• Matt Harvey's pitch counts will be conservative early in the season.
• The Mets want to keep Rule 5 pick Sean Gilmartin but were leery of having three left-handers and only four right-handers in the bullpen until newly acquired southpaw Alex Torres proves he can get righty batters out.
• Jenrry Mejia and the late-inning relievers have been shaky, so the Mets wanted added depth. Had Bobby Parnell been available from Opening Day, the Mets may have been more conventional in the bullpen size.
• The Mets wanted to keep Buddy Carlyle, who could have exercised a contract out.
So Campbell, who has posted a .246/.358/.491 triple-slash line with nine extra-base hits (two home runs), nine RBI and eight walks, will head back to Triple-A Las Vegas, where he's got nothing left to prove after hitting .326 with 54 extra-base hits (11 HR), 90 RBI and a .926 OPS over 153 games.
Another thing working against the 27-year-old is that his primary competition in camp, John Mayberry Jr., is out of minor league options and had a stellar spring, hitting .415 with a 1.155 OPS.
Unfortunately for Campbell, it'll probably take an injury to Mayberry Jr., starting first baseman Lucas Duda or corner outfielder Michael Cuddyer for him to get the call to rejoin the big club.
No. 3 Surprise: OF Paulo Orlando, Kansas City Royals
A career .275/.324/.403 hitter over nine years in the minors—more than six in Kansas City's system—29-year-old Paulo Orlando finally gets a chance to live out his dream as he's now only the third Brazilian-born player to reach the major leagues.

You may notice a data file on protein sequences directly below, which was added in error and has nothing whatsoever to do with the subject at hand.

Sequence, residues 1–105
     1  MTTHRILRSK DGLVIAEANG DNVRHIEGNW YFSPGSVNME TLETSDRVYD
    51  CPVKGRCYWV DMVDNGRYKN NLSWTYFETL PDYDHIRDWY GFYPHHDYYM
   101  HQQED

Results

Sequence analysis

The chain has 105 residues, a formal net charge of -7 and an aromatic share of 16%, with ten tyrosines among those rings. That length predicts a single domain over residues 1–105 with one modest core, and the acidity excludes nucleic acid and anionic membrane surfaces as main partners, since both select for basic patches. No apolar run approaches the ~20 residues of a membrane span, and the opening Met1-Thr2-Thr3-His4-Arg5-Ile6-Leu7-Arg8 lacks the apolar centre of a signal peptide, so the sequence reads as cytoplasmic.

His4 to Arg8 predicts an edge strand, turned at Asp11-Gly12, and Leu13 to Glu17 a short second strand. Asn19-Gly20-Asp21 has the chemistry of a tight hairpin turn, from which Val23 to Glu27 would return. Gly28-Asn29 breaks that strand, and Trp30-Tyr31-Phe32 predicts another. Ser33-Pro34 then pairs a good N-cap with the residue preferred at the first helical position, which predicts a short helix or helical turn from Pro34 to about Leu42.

“He’s our type of player: plays defense first," assistant general manager J.J. Picollo told The Kansas City Star's Pete Grathoff about halfway through spring training. "Not necessarily because we don’t think he’s got hitting ability, he does. He’s shown improvement in putting the ball in play, he’s got occasional power, he can steal a base. If the ball’s in the gap, he’s going to score from first.”
Over 24 spring games, Orlando posted a .319/.360/.489 triple-slash line with five extra-base hits (one home run), nine RBI and six runs scored. While Jarrod Dyson remains the Royals' primary reserve outfielder, Orlando gives skipper Ned Yost another right-handed bat to call upon off the bench.
No. 2 Snub: C Josmil Pinto, Minnesota Twins
Injuries limited Josmil Pinto to only eight games this spring, and the concussion that he suffered—thanks to three blows to the head courtesy of Baltimore's Adam Jones' bat on his follow-through—certainly didn't help the 26-year-old's chances of breaking camp with Minnesota.